through compulsion and coercion had proven to be an enormous flop. Their
wars on everything from poverty to drugs to illiteracy to terrorism had
made each of the targetted areas actually worse, while market forces
themselves – mercifully neglected by the state – were creating vast new
technologies in the newly dawned digital age and creating glorious new
opportunities for everyone. It was markets, not welfare, that lifted
billions out of poverty, opened up information economies, created
dazzling new modes of communicating and living, and blasted open the
possibilities for progress like we’ve never seen in human history.
But we liberals proved naive in our belief that history would march
along a linear path toward the light. We had presumed some or another
version of the “end of history” thesis that the next stage of history
was moving us toward human liberty and that the state would realize its
obsolescence and die a merciful death.
Looking back, we can see that the very same naive confidence in the
capacity of human beings to learn from experience also afflicted the
liberals of the late 19th century. Surrounded by the products of
liberty, innovations that were dramatically changing the world and
leading humanity to a new level of prosperity and peace – flight,
internal combustion, the commercialization of steel – they rested on
their laurels with a sense that their victory was somehow baked into the
narrative story of human evolution. Then came World War I. They had
clearly grown overconfident.
The equivalent happened to us in the last half decade. My own
opinions had previously trended in the direction of believing that
everyone would see the obvious failures of the state as an institution
and thus would the progress toward liberty continue in the right
direction. Instead, something remarkable and unexpected happened (though
it is all perfectly obvious in retrospect): the reaction to the failure
of leftist-style social democracy was not to embrace liberty but rather
to rally around the emergence of a new form of authoritarianism that
sought to govern with rightist-style rhetoric.
Which is to say: the state reinvented itself to live another day,
forestalling the hoped-for push to emancipate humanity from the
constructed oppressions of the last one hundred years.
The new movements came to power under a global surge of populist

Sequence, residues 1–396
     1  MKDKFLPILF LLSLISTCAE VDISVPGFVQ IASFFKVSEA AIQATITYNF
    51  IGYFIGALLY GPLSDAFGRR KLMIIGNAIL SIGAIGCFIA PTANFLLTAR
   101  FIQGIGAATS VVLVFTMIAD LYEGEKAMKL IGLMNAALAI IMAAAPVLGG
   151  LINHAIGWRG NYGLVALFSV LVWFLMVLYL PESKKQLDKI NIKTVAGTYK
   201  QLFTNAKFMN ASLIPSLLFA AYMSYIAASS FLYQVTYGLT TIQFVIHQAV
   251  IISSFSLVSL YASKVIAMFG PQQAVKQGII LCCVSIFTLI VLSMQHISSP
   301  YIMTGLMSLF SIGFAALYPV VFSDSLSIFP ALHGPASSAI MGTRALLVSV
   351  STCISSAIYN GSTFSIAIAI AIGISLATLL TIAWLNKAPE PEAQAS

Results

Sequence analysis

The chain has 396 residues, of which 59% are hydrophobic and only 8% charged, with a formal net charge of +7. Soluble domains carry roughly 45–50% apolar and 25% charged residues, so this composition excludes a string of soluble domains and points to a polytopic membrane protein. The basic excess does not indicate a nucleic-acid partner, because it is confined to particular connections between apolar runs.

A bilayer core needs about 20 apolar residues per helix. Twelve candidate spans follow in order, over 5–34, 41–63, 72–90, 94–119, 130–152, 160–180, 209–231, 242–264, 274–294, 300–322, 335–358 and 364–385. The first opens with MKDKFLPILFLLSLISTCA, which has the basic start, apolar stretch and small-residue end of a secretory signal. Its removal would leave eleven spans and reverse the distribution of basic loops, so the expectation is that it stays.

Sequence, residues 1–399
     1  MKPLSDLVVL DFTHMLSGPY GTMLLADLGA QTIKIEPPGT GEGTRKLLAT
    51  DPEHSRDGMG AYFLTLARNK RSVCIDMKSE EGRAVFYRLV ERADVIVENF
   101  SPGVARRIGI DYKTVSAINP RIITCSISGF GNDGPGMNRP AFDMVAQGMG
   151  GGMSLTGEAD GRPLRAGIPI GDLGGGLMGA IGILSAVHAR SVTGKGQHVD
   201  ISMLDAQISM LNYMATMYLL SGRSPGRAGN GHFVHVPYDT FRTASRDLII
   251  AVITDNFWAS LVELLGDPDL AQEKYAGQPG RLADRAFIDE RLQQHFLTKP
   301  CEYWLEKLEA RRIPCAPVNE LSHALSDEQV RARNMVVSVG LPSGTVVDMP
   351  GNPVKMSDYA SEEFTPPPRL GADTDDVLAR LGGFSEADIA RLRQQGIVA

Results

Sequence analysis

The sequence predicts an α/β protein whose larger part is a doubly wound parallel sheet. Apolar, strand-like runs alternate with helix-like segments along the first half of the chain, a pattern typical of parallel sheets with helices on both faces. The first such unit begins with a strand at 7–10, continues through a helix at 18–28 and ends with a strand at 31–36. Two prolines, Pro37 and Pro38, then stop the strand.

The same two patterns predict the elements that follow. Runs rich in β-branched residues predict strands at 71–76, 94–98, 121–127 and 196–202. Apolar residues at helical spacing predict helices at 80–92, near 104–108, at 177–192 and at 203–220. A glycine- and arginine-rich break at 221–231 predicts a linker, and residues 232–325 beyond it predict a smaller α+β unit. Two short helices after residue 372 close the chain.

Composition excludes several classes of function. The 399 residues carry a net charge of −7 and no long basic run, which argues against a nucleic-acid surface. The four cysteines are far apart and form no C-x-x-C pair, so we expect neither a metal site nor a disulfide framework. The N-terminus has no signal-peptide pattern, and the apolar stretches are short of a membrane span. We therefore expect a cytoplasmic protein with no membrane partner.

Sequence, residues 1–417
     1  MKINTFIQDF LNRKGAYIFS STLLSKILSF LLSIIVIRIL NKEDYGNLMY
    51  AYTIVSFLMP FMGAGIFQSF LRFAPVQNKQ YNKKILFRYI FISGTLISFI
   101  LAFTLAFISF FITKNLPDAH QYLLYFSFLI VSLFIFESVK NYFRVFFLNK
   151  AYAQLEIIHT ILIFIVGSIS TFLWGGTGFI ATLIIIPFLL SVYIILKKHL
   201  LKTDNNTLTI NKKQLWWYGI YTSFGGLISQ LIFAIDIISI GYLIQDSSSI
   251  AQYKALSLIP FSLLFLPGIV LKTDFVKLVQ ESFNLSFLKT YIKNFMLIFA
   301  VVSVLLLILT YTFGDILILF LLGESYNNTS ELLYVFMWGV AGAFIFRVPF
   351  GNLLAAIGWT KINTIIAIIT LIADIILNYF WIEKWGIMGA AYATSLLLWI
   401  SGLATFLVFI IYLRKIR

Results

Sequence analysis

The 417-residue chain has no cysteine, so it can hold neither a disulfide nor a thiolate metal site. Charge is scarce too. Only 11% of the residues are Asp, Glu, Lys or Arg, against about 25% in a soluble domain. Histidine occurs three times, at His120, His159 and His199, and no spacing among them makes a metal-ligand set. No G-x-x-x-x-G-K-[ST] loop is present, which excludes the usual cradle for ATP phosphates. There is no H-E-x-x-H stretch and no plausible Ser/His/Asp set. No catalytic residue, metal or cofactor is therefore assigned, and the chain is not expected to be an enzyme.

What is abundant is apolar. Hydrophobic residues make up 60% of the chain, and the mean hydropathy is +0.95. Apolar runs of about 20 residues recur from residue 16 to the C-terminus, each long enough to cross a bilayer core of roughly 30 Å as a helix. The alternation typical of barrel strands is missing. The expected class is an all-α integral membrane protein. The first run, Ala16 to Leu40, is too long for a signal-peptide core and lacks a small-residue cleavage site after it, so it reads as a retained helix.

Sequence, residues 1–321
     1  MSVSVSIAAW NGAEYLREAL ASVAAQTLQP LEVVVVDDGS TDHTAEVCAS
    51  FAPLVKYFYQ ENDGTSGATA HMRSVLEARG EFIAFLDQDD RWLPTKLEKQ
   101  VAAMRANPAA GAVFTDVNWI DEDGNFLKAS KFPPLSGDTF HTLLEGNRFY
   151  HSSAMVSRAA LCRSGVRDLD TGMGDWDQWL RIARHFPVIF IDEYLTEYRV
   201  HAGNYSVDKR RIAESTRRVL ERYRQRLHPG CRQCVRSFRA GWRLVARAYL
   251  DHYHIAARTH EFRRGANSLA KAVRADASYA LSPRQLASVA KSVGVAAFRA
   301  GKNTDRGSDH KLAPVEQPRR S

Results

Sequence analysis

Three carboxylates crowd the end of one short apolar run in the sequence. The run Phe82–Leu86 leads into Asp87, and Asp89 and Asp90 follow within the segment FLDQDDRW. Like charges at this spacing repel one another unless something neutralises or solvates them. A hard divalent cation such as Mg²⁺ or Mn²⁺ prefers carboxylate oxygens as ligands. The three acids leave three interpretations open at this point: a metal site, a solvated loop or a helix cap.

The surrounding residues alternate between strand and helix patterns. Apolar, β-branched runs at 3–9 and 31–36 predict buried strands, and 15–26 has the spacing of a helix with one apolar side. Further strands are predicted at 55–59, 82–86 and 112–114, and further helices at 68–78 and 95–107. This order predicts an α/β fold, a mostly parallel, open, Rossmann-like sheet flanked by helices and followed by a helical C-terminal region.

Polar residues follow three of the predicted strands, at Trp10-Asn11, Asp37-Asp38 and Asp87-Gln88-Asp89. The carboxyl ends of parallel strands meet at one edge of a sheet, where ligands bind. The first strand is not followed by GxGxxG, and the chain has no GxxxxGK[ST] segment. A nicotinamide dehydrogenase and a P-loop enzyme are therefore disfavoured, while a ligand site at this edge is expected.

agitation. Trump in the US is the most obvious case but a deeper look
shows that he was only one player among many in countries all over the
world. Rightist movements that were against the old order but for a new
form of state-imposed order rose up in Europe, Russia, and Latin America
I’ve called this new form of populism (which is a method of rhetoric
and a means of retaining power) “right-wing collectivism.” It feeds off
public resentment of the previous type of elite management of the social
order. It rejects the universalism (globalism) of the social-democratic
way and embraces instead a new form of nationalism that bleeds into
every application of reactionary statism: racism, religious bigotry,
misogyny, intolerance. It is invariably restrictionist on immigration
and protectionist on trade. It celebrates all the things the left puts
down such as faith and family but demands that these institutions serve
the common national project under a Carlyle-style great leader. It
brings back the leadership principle and executive rule. It is as
ill-liberal as that which it replaces but not obviously so since this
style of governance is more tolerant toward finance capital and
nominally capitalistic production, though also celebratory of industrial
Its champions called the model the “politics of human nature” without
noting that there are both lower and higher angels of nature: the
rightist brand of collectivism was all about tapping into the lowest
The problem was not only the right. What happens on the right somehow
always finds its mirror image on the left. The rise of this new form of
rightist extremism further fed the resurgence of the same on the left,